The use of cannabis is not positively associated with workplace accidents, according to a study published online in the Journal of Addictive Diseases.
For the study, researchers assessed whether there exists a statistical association between cannabis use and work related accidents; they did this by “comparing the proportion of marijuana positive urine specimens for post-accident verses random samples” from five states (Indiana, Ohio, Pennsylvania, Kentucky and Missouri).
“This study failed to demonstrate a statistically significant difference between the numbers of laboratory positive marijuana urine drug tests for a group of random drug tests compared to a group of post-accident drug tests”, claims the study’s author.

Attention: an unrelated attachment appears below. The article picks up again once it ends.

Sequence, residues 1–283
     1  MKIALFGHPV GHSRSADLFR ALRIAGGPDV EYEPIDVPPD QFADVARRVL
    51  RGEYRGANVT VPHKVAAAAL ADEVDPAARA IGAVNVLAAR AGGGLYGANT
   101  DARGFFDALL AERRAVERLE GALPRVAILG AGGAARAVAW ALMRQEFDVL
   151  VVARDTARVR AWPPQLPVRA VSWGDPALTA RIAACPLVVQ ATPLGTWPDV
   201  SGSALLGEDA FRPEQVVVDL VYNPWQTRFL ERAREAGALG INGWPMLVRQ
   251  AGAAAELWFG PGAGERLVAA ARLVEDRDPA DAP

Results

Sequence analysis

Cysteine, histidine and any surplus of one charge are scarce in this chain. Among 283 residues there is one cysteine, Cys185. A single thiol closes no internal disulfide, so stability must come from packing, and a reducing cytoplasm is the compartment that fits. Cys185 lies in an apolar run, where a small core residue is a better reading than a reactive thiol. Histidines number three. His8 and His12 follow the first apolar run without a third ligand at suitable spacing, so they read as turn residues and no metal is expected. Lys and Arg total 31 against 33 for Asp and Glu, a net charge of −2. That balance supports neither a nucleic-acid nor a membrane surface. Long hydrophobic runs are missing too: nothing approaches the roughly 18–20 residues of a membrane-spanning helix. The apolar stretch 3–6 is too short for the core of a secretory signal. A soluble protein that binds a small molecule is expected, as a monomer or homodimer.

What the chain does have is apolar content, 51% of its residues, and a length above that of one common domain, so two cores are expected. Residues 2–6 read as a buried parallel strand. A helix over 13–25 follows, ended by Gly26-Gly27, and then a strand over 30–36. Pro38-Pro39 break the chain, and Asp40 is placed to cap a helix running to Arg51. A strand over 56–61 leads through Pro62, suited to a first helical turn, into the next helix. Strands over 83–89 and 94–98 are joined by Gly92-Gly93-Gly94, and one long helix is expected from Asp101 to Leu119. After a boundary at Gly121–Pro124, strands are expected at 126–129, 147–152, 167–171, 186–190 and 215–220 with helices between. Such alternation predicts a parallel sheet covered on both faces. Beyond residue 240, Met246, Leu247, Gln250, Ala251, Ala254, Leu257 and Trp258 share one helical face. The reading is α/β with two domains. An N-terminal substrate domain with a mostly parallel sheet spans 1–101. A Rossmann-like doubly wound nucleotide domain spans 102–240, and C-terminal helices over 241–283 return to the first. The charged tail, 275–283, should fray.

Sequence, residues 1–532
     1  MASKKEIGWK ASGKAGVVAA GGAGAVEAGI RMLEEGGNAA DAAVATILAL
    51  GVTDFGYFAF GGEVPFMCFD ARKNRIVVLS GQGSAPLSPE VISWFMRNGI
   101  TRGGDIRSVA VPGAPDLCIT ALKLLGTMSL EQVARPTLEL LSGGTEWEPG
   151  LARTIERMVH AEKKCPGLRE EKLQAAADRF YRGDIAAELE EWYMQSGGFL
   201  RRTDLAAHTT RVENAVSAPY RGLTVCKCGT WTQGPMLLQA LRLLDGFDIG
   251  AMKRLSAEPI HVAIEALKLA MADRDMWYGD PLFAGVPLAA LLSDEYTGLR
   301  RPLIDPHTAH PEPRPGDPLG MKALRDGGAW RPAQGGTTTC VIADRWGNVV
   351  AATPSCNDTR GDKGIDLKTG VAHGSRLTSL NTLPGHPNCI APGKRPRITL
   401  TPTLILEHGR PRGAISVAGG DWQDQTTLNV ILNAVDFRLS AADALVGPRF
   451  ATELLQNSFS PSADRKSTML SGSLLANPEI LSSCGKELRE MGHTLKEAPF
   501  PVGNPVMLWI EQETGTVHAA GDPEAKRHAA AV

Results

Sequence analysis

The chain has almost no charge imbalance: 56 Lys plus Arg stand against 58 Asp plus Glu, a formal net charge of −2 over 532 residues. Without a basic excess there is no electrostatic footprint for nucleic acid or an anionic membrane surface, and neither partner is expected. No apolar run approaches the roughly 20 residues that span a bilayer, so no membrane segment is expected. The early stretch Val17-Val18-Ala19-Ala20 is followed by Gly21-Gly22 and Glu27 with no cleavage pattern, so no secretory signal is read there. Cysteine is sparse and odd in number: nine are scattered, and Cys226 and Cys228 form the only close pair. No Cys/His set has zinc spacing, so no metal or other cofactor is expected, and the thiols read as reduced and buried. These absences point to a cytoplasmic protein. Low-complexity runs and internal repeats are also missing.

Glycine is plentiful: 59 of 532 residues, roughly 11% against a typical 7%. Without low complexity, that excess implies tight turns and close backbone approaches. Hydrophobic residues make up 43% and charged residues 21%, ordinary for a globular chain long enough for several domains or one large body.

“This study cannot be taken as definitive evidence of absence of an association between marijuana and work related accidents but the findings are compelling.”
A 2010 review of 20 years of published literature pertaining to cannabis drug testing and workplace performance came to a similar conclusion; “Urine tests have poor validity and low sensitivity to detect employees who represent a safety risk; … [and] urinalysis has not been shown to have a meaningful impact on job injury/accident rates.”